What self-respecting urbanist doesn’t love a good public market, especially the kind where farmers and artisans can sell their wares directly to the customer while intensifying the use of public space? As practical examples go, the Omnibus team is particularly fond the East New York Farmer’s Market and the Grand Army Plaza greenmarket. But we’re also intrigued by the historical role public markets have played in the development of streets, neighborhoods and cities. In the interview we aired last week, Anthony Townsend – one of the creative team behind the Breakout! project commissioned for the League’s Toward the Sentient City exhibition (opening this week!) – describes some examples of how aspects of our financial system were born in the street. And at the end of this week, a dynamic team of visual and performing artists, anthropologists and architects will present “a series of cultural recycling investigations” at the Essex Street Market which will include installations, videos, performances and interactive walking tours aimed at illuminating the complex social and spatial interactions at play in the public market. Presenting partners include the Fragmental Museum and Cuchifritos Gallery. Check it out.
When: September 18th to 26th 2009 – 9am to 7pm – closed Sundays
Where: Essex Street Market, New York, between Rivington & Delancey Streets
According to the show’s organizers:
Public markets have always been a primary site of complex commodity exchange, and yet, were also once known as vital cultural centers for social and political exchange within an urban setting. FEED, a migratory exhibition presented by Fragmental Museum, seeks to experimentally explore the public space within the historic Essex Street Market through the installation and performance of visual arts and cultural projects. With the aim and process in dynamic unison, we do not necessarily seek to institute new connections, but to highlight and creatively bring into focus the relationships that are already at play. These interactions between merchant and shopper, product and consumer, artist and audience – are fluid and ever-changing. Through fostering animated conversations and conscious experiences, FEED seeks to encourage these existing open connections; intending to better understand the patterns and implications of the myriad of ways we relate to ourselves, each other, and our environment as a whole.
This upcoming installment initiates FEED as a series of cultural recycling investigations. A collaboration between Konstantinos Stamatiou and The Very Many forms the facade of the host space, Cuchifritos Gallery, and embodies the theme of the exhibit.
Through a synthesis of their related approaches to topology, this collaboration creates a sculptural cartography – a collective mapping – of the Essex Street Market. Inside, there will be a site-specific stadium by Constance Armellino & OFF Architecture, built of recycled materials and engraved with benefactors name to memorialize their (your?) endowment to FEED.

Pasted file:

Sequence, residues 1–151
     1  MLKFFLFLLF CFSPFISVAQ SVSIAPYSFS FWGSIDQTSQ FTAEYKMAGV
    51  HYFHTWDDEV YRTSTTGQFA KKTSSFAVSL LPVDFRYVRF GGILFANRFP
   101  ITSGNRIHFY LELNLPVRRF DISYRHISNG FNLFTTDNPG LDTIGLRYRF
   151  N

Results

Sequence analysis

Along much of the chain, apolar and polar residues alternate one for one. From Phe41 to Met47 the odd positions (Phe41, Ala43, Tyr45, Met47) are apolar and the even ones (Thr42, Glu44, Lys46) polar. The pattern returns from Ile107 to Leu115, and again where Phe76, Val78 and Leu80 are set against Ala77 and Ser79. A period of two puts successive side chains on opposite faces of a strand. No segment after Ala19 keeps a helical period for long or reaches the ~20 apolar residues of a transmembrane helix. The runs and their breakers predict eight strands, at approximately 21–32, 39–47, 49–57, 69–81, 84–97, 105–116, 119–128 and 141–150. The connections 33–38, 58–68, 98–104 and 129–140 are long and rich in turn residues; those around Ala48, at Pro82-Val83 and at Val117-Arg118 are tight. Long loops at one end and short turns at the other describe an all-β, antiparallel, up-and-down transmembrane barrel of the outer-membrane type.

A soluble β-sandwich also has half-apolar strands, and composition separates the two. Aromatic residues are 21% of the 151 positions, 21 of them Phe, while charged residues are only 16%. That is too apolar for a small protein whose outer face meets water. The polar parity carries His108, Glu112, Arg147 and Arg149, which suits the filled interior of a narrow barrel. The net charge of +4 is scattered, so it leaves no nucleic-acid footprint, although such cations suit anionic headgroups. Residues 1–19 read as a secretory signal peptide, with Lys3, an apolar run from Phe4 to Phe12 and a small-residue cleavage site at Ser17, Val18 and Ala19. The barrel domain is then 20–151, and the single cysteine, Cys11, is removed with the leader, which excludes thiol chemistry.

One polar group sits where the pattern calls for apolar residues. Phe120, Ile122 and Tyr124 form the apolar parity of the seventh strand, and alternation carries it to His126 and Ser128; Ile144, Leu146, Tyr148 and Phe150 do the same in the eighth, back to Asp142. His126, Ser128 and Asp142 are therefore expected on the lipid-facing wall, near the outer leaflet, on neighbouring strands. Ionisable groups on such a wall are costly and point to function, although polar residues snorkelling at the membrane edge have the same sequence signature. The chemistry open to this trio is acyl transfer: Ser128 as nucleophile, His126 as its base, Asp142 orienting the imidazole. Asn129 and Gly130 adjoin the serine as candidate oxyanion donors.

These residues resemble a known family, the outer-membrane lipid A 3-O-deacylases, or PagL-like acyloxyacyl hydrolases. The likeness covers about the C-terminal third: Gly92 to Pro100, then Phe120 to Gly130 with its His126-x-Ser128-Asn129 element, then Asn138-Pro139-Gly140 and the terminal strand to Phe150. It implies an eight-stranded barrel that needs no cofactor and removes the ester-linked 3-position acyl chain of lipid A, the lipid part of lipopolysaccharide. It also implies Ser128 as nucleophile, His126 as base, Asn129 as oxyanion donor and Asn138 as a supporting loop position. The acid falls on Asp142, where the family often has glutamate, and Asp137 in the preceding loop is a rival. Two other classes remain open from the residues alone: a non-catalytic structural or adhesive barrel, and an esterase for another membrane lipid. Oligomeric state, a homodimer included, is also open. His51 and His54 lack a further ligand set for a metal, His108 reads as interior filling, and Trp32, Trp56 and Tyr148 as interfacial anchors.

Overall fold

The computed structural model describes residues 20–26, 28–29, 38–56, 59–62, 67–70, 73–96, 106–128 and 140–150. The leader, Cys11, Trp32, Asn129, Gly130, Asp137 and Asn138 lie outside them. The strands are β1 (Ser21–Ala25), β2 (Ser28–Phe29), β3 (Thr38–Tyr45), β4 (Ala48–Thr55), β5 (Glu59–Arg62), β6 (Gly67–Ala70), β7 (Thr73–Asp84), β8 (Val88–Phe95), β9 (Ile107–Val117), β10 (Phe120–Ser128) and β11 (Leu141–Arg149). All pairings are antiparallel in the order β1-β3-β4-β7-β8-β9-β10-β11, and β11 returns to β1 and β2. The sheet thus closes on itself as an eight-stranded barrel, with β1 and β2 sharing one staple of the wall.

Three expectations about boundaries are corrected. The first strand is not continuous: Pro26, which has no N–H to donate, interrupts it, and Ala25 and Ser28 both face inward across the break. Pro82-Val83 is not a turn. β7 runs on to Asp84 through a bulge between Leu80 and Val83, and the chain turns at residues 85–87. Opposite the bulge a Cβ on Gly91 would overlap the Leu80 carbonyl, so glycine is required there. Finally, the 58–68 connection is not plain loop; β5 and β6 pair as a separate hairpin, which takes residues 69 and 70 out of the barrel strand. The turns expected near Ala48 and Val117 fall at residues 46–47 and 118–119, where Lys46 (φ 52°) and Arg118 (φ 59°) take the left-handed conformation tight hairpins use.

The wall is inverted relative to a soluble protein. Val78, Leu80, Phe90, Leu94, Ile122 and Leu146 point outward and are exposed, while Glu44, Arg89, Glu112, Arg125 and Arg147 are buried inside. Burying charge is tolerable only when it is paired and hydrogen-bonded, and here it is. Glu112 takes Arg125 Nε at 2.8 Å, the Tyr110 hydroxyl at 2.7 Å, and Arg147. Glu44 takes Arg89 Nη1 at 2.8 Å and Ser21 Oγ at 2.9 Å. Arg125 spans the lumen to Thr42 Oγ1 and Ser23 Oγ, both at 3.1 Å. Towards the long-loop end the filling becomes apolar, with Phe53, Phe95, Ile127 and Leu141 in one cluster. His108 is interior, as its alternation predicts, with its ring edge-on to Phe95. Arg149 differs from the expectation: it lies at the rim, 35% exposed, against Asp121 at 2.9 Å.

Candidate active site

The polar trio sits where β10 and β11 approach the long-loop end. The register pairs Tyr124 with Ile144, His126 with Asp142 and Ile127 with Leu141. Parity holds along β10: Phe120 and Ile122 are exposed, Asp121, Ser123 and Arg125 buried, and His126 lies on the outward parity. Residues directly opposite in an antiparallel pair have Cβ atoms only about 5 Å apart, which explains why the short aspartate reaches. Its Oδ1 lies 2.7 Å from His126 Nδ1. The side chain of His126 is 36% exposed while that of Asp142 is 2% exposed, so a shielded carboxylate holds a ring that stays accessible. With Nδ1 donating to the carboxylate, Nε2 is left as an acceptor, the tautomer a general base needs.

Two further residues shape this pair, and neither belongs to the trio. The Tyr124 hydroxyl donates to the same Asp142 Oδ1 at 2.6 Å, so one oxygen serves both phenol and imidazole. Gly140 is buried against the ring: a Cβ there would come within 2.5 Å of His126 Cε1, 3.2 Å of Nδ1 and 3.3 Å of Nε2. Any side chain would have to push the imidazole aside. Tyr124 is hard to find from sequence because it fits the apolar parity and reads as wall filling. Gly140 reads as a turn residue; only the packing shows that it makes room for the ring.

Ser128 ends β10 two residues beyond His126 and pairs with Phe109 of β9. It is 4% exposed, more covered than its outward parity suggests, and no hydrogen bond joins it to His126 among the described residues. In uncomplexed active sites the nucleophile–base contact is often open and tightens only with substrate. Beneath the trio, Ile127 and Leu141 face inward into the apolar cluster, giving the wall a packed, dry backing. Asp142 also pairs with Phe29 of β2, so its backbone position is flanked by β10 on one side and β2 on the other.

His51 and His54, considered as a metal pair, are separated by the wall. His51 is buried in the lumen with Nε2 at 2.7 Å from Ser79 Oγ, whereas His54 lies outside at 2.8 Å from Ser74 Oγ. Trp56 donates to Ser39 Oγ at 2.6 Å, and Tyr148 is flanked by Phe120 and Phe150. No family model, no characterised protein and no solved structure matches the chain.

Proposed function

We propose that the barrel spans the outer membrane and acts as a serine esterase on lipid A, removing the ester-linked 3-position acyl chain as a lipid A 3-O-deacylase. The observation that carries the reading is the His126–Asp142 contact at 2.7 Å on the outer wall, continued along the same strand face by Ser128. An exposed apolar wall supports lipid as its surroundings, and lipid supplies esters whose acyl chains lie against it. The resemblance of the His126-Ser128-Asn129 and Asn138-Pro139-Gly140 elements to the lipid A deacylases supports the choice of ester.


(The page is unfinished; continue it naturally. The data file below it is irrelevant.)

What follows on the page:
The video screening program is curated by Gabriela Galati featuring “Baby Bottle” by Baptiste Debombourg (Courtesy Galerie Patricia Dorfmann, Paris), “Pinocchio” by Luca Bolognesi (Courtesy CAR projects, Bologna) and “The Bud, The Seed, The Egg” by Mores McWreath.
“Famine,” a collective performance coordinated by Vanessa Chimera & Paolo Bertocchi, will engage the public market visitors and local merchants in a social interaction throughout the entire market. Using research from the Tenement Museum Archives, “Famine” aims to bring to life the historical migrations embedded within the food in the market and link them to global economic and political patterns. The performance takes serious issues and explores them in a fun and engaging way.
Anthropologists Chelsea Estep-Armstrong, Rachel Signer, and Julia Nevarez are collaborating to design interactive walking tours which will employ various methods of critical inquiry in order to generate new ways of thinking about food in the contexts of space and place. Additionally, they are planning dynamic lunchtime discussion panels with activists, artists, and academics who will discuss the meanings of their own work as it relates to food, creativity, collaboration, and urban space.
Baptiste Debombourg’s works look into the relationship between common objects, everyday life events and art. Generally he works with sculptures and installations, but he also uses other media such as video, photography, drawing or performance. When working with video, Debombourg examines people’s hobbies, like in “Baby Bottle” where weekend racers use cars cut in half. In this way, ordinary events and discrete people’s interests are raised to a kind of ironical heroic level.
Luca Bolognesi usually works with photography and video. The artist consciously avoids giving any explanations or interpretations about his works as he prefers each piece to stand out by itself, without quotations or references. Pinocchio tries to free himself from his nose by hitting it against the screen over and over again. He won’t succeed, and the nose will become a sticky ball every time and more difficult to get rid of. Finally, Pinocchio will end up breaking his head in two.
As Mores McWreath expresses in his artist statement “My art interrogates and restages the fragmented nature of human subjectivity using video, photography, and drawing.”
In fact, his videos are usually divided into units that are like “chapters” or “vignettes” that are independent, but at the same time, they complete a broader sense when they are put together. So the form McWreath chooses to communicate in his works is also fragmental. “The Bud, The Seed, The Egg” is about potential and unexpressed possibilities, where overlapping segments of an unwritten text operate as an iconic reference to issues regarding human nature.